Being a student of The Urantia Book has been an education in discernment. If a group of people come to me claiming that they are re-incarnated Descending Sons of God. I put my discerning hat on. I read what the Papers tell me about what a Descending Son of God is, read about reincarnation, and then I find myself wondering if these people have really read and understood the Papers, or just read enough so that they can use it as a framework to which they can staple their existing, mostly incompatible beliefs.
If someone prophesies the return of Michael to Urantia, or even the arrival of another Paradise Son, on goes the discerning hat (and my hope sunglasses). I’ve got to say, it could happen! And how awesome would it be if it did! I would be on the next plane out to wherever he was! But when the prophesy doesn’t come true and then I discover that this is just the latest in a long series of prophesies that haven’t come true, I take my hat off, keep my sunglasses close, and get back to my study.
So in all fairness, and in some respects, Peter and I have to admit certain fundamentalist tendencies. But we both feel that we can’t really be thrown on the same bus as those who have no room in their philosophies to entertain the idea that they could be wrong. We both recognise that our truth five years from now hopefully won’t be the same as our truth today. Truth (as opposed to fact) is always growing, changing, and that is why each generation has to re-discover truth. It’s not the same truth that previous generations held. That is what codifying and institutionalisation does- it inflicts the lesser truth of previous generations upon future generations who are ready for more.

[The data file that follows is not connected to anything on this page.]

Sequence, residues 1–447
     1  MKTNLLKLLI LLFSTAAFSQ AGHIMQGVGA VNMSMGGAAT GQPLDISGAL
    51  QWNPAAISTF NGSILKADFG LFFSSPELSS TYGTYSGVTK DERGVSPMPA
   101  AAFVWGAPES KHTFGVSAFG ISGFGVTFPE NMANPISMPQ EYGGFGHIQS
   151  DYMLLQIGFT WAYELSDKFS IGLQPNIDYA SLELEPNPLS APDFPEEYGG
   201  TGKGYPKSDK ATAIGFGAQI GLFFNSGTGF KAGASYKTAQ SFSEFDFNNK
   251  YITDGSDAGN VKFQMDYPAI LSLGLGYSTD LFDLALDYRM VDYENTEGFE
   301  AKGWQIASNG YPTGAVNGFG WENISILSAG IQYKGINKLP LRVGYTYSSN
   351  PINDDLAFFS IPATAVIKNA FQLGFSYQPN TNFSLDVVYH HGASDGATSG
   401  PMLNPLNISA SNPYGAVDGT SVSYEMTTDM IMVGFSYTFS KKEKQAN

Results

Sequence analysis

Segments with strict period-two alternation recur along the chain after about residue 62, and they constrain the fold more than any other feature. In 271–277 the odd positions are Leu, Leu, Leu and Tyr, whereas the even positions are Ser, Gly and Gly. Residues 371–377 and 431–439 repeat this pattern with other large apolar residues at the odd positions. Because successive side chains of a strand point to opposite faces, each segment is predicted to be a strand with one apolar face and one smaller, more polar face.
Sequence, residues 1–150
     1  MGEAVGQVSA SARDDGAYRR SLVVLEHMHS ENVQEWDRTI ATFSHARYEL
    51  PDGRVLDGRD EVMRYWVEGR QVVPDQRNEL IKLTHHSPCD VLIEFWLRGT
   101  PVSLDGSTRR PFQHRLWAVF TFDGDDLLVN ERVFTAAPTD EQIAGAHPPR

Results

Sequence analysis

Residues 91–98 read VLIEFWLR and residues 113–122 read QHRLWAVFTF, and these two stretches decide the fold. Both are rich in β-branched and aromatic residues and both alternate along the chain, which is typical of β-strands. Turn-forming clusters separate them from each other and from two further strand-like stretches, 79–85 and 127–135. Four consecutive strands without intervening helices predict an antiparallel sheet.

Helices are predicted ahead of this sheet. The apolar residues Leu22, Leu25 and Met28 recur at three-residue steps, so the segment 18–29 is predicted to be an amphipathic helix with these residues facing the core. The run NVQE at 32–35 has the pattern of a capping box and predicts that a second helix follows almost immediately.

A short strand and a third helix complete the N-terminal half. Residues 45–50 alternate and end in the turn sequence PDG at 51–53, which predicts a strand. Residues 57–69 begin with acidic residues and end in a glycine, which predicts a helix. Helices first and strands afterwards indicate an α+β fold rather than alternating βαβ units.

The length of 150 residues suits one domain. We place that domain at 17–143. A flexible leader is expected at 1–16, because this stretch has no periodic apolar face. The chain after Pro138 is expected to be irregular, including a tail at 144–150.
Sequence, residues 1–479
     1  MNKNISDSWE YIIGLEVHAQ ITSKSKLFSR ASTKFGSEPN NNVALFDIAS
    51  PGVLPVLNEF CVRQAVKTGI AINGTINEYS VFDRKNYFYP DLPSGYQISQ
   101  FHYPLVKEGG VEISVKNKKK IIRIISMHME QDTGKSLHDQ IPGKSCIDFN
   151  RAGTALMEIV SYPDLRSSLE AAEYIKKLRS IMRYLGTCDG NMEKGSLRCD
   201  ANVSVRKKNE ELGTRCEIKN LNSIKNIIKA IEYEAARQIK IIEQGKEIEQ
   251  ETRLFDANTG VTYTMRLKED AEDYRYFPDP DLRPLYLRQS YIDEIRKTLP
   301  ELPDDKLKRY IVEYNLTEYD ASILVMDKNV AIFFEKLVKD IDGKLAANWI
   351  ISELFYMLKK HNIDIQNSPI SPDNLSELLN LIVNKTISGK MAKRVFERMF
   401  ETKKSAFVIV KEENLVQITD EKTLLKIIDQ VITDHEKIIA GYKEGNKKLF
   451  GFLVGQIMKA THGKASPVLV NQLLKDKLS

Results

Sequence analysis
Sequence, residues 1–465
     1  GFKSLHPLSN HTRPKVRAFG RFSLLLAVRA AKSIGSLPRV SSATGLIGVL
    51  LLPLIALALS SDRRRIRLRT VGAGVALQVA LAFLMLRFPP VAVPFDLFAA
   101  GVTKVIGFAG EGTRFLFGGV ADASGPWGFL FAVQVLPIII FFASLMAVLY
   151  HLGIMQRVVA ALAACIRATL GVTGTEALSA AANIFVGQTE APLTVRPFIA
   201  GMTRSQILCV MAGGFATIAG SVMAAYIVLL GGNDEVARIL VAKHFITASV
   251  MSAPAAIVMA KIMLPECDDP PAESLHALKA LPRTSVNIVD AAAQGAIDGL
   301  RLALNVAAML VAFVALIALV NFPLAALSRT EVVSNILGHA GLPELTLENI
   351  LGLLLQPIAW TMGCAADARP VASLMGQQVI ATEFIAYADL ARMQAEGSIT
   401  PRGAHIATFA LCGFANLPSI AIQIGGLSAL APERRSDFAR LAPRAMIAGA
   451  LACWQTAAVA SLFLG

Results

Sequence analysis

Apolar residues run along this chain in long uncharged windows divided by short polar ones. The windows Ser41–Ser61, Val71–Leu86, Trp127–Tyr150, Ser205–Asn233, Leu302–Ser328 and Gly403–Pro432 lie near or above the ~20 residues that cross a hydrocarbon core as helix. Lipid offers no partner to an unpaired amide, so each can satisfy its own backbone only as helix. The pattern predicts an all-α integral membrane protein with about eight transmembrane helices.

We are a bit isolated way out in this corner of the world, so it is often difficult to keep up with what is going on in the larger Urantia community. It is our hope and prayer that a real “biblical-style” fundamentalism is not finding fertile soil among us.